If you are visiting a website and it is displaying “502 Bad Gateway” error it is not your fault but an issue with Cloudflare.
Update: July 12th, 2019 – Cloudflare has published a detailed report explaining why the service went down. While Cloudflare’s transparency is exemplary, other companies should follow the same path. Cloudflare’s report is available here.
Cloudflare, the world’s largest “Content Delivery Network” (CDN) on the internet has suffered a service disruption causing “502 Bad Gateway” error on thousands of Cloudflare-proxied domains since this morning including CoinDesk. On the other hand, CoinDesk confirmed in a tweet that their website has been down due to Cloudfare outage.
ALERT: Due to a cloudflare outage, we're getting bad data from our providers, which is showing incorrect crypto prices. Calm down everyone, Bitcoin is not $26.
— CoinDesk (@coindesk) July 2, 2019
Cloudflare provides security and other services to over 16 million online businesses. The problem surfaced at 1342 UTC today when users took it to social media complaining that they couldn’t access several websites including Down Detector, a service that keeps track of online platforms facing connectivity issues.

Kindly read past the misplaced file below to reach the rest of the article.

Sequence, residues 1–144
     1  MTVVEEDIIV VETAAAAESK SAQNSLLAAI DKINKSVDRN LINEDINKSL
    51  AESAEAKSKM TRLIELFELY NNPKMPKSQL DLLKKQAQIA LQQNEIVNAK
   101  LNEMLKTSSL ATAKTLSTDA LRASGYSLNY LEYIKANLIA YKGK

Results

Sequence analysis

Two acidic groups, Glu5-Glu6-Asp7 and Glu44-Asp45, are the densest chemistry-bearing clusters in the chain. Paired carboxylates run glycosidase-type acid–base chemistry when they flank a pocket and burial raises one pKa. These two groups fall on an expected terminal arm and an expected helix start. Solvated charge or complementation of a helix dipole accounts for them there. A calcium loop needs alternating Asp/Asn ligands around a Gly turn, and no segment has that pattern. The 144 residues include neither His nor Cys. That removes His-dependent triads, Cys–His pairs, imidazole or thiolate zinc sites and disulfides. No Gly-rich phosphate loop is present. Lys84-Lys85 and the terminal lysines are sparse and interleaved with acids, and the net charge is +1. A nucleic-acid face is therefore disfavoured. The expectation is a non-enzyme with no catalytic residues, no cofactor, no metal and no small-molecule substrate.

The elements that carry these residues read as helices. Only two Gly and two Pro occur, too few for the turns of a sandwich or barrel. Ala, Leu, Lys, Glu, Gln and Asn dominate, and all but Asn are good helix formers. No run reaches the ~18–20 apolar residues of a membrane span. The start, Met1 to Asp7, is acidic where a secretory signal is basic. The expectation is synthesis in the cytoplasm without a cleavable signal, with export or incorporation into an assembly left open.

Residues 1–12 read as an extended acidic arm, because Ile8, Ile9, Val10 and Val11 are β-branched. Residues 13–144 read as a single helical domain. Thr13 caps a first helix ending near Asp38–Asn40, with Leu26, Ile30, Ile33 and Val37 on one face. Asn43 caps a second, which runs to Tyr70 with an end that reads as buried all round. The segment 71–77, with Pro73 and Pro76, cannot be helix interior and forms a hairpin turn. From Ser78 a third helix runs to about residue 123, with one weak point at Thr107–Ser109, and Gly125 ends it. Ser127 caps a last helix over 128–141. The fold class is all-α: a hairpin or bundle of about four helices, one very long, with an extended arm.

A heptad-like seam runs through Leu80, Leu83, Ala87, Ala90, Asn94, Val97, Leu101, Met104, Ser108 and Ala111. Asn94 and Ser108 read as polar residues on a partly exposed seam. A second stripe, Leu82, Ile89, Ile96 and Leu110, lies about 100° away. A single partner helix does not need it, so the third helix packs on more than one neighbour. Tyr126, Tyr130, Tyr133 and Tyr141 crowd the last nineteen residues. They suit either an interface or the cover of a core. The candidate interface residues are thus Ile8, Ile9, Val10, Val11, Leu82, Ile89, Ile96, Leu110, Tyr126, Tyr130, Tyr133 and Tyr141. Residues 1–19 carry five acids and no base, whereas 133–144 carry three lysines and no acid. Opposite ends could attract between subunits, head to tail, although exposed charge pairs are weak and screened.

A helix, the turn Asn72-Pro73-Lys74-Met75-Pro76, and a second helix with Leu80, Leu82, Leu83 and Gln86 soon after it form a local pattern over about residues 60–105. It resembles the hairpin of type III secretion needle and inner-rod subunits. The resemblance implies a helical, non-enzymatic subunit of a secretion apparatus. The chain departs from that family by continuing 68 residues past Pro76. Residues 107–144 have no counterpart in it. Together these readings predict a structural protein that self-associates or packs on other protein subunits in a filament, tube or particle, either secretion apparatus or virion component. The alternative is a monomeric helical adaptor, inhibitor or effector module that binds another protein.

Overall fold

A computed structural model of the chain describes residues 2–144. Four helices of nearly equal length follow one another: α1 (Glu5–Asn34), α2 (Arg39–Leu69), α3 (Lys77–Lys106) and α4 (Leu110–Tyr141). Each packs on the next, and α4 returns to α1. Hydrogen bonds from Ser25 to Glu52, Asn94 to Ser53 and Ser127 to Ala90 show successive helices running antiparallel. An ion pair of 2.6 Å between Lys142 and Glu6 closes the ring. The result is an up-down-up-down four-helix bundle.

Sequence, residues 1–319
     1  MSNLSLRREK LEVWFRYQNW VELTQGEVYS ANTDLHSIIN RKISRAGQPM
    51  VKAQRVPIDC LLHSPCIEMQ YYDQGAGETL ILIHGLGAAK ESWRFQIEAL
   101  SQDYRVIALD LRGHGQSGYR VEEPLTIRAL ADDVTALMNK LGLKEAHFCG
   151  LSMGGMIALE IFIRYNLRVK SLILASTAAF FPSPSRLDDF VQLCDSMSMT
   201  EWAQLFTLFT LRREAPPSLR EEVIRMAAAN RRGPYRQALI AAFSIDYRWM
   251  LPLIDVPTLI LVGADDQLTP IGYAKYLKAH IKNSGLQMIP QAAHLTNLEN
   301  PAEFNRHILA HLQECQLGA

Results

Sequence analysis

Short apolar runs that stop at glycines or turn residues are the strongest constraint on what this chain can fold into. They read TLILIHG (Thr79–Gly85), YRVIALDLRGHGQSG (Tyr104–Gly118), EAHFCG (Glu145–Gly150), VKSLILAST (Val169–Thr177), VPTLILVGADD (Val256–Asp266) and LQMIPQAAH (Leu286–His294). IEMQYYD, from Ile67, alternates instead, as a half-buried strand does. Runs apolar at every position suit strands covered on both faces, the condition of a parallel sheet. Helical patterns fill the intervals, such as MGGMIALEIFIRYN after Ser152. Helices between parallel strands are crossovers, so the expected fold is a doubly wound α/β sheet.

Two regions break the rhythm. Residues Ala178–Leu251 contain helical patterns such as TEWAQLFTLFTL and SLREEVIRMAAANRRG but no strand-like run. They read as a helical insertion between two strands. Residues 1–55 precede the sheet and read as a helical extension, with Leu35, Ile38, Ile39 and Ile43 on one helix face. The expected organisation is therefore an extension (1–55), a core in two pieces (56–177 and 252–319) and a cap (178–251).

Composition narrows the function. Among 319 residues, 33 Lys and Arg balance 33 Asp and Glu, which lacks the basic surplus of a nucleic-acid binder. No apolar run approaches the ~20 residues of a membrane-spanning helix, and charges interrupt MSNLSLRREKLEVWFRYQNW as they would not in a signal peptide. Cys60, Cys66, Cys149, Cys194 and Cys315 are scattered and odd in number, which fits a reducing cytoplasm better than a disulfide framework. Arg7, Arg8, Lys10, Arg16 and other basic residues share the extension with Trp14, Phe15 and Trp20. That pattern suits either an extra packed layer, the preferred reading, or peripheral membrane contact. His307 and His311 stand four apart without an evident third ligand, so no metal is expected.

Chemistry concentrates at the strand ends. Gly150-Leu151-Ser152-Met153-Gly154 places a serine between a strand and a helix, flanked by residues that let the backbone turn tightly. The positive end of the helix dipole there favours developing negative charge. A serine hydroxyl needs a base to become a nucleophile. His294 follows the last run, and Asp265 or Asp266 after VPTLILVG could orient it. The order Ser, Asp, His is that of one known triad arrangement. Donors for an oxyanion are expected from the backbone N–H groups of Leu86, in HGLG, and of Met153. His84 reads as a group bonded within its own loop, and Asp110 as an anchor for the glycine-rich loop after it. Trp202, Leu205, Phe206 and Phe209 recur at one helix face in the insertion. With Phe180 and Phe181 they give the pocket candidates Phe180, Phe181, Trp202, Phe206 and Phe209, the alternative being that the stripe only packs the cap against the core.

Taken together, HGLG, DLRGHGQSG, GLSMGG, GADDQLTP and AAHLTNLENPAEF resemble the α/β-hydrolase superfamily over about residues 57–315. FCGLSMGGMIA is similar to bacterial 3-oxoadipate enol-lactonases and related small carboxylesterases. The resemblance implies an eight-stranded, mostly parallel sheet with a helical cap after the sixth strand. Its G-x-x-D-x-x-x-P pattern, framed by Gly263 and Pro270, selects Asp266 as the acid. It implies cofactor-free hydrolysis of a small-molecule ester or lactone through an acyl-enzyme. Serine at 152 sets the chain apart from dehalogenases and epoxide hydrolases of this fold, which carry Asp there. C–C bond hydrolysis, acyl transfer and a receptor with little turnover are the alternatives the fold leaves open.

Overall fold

Who detects when the down detector is down? 🤔
— Jake (@0xJAKE) July 2, 2019
Although, the issue has now been resolved, earlier, Cloudflare confirmed on its status page that there were “performance problems” on the network which were being investigated. Furthermore, in a blog post, Cloudflare’s CTO John Graham-Cumming blamed the outage on bad software deploy.
“For about 30 minutes today, visitors to Cloudflare sites received 502 errors (502 Bad Gateway) caused by a massive spike in CPU utilization on our network.”
“This CPU spike was caused by a bad software deploy that was rolled back. Once rolled back the service returned to normal operation and all domains using Cloudflare returned to normal traffic levels. This was not an attack (as some have speculated) and we are incredibly sorry that this incident occurred. Internal teams are meeting as I write performing a full post-mortem to understand how this occurred and how we prevent this from ever occurring again,” wrote Cumming.
Appear to have mitigated the issue causing the outage. Traffic restored. Working now to restore all services globally. More details to come as we have them.
— Matthew Prince 🌥 (@eastdakota) July 2, 2019
At the time of publishing this article; the issue was successfully resolved however the list of countries affected by the outage is still available on Cloudflare’s status page.